Hezekiah had ministered in prayer in destroying idolatry and in reforming his kingdom. In meeting his enemies, prayer had been his chief weapon. He now comes to try its efficiency against the set and declared purposes of Almighty God. Will it avail in this new field of action? Let us see. Hezekiah was very sick, and God sends his own familiar friend and wise counselor and prophet, Isaiah, to warn him of his approaching end, and to tell him to arrange all his affairs for his final departure. This is the Scriptural statement:
“In those days was Hezekiah sick unto death. And the Prophet Isaiah, the son of Amoz, came to him, and said unto him, Thus saith the Lord: Set thy house in order, for thou shalt die and not live.”
The decree came direct from God that he should die. What can set aside or reverse that Divine decree of heaven? Hezekiah had never been in a condition so insuperable with a decree so direct and definite from God. Can prayer change the purposes of God? Can prayer snatch from the jaws of death one who has been decreed to die? Can prayer save a man from an incurable sickness? These were the questions with which his faith had now to deal. But his faith does not seem to pause one moment. His faith is not staggered one minute at the sudden and definite news conveyed to him by the Lord’s prophet. No such questions which modern unbelief or disbelief would raise are started in his mind. At once he gives himself to prayer. Immediately without delay he applies to God who issued the edict. To whom else could he go? Cannot God change His own purposes if He chooses?
Note what Hezekiah did in this emergency, sorely pressed, and see the gracious result:
“Then he turned his face to the wall and prayed unto the Lord, saying,
“I beseech thee, O Lord, remember now how I have walked before thee in truth and with a perfect heart, and have done that which is good in thy sight. And Hezekiah wept sore.”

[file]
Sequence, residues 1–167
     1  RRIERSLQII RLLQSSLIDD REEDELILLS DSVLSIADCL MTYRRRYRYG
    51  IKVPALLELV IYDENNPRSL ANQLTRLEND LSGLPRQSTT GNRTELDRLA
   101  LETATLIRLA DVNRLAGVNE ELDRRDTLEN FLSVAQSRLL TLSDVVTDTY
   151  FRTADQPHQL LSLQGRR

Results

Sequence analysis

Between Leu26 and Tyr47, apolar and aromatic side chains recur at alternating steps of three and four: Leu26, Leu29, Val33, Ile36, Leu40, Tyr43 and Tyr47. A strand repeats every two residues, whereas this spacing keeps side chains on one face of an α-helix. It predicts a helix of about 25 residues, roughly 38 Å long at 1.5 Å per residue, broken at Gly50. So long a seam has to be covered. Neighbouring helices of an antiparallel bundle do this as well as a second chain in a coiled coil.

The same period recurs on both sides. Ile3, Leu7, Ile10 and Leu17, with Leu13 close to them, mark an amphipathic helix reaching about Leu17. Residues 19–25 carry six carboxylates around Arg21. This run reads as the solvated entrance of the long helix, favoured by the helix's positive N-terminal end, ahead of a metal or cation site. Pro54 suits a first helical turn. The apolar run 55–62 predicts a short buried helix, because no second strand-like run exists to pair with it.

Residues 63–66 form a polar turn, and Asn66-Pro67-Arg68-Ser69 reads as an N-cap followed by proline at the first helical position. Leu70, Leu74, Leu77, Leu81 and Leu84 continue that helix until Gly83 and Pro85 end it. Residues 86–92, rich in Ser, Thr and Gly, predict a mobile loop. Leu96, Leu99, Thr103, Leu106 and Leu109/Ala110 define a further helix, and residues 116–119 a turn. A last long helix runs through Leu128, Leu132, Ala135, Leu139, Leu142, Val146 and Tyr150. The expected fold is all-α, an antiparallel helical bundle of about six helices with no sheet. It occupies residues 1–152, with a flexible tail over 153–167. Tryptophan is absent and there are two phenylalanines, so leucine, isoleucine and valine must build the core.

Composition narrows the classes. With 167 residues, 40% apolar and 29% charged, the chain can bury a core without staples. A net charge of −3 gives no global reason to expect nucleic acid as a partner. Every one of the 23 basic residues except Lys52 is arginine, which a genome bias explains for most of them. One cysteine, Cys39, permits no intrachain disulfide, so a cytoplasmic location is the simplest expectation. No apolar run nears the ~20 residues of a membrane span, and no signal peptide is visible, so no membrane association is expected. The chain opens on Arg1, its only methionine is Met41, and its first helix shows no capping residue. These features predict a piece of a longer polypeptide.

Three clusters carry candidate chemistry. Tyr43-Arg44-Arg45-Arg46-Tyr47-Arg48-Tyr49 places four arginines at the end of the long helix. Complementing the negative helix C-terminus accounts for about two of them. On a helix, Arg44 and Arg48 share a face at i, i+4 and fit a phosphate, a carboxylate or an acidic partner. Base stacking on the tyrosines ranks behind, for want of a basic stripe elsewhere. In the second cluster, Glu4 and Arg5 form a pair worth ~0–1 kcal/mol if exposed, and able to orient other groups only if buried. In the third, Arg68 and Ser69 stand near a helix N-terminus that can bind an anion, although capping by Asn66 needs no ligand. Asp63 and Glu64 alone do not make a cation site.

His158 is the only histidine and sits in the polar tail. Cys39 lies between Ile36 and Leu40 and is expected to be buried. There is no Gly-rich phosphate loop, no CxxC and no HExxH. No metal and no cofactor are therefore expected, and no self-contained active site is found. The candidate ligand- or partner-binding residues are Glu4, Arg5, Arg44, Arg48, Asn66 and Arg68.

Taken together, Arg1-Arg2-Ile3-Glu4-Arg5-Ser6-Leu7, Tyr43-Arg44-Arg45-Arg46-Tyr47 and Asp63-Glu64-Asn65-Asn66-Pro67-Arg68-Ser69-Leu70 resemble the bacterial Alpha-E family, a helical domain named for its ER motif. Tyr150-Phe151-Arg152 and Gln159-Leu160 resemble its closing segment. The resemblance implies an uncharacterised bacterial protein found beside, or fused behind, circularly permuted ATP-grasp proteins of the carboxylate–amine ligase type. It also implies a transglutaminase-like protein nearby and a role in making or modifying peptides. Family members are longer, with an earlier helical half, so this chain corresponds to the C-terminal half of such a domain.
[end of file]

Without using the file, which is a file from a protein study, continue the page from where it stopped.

It was no self-righteous plea which he offered to God for recovery. He was only pleading his fidelity, just as Christ did in after years:
“Father I have glorified thee on earth.”
He is the Lord’s reminder, and is putting Him in mind as to his sincerity, fidelity and service, which was in every way legitimate. This prayer was directly in line with that of David in Psalm 26:1, “Judge me, O Lord, for I have walked in my integrity.” This is not a prayer test with Hezekiah, nor is it a faith cure, but it is a testing of God. It must be God’s cure if a cure comes at all.
Hezekiah had hardly finished his prayer, and Isaiah was just about to go home when God gave him another message for Hezekiah, this time one more pleasant and encouraging. The mighty force of prayer had affected God, and had changed His edict and reversed Him in His purpose concerning Hezekiah. What is that which prayer cannot do? What is it which a praying man cannot accomplish through prayer?
“And it came to pass before Isaiah had gone out into the middle court, that the word of the Lord came to him, saying,
“Turn again, and tell Hezekiah, the captain of my people, Thus, saith the Lord, the God of David thy father, I have heard thy prayer; I have seen thy tears; Behold, I will heal thee; on the third day thou shalt go up to the house of the Lord.
“And I will add unto thy days fifteen years, and I will deliver thee and this city out of the hand of the King of Assyria; and I will defend this city for my own sake, and for David, my servant’s sake.”
The prayer was to God. It was that God should reconsider and change His mind. Doubtless Isaiah returned to his house with a lighter heart than he did when he delivered his original message. God had been prayed to by this sick king, and had been asked to revoke His decree, and God had condescended to grant the request. God sometimes changes His mind. He has a right to do so. The reasons for Him to change His mind are strong reasons. His servant Hezekiah wants it done. Hezekiah had been a dutiful servant and had done much for God. Truth, perfection and goodness have been the elements of Hezekiah’s service and the rule of his life. Hezekiah’s tears and prayer are in the way of God’s executing His decree to take away the life of His servant. Prayer and tears are mighty things with God. They are to Him much more than consistency and much more to Him than decrees. “I have heard thy prayer; I have seen thy tears; behold I will heal thee.”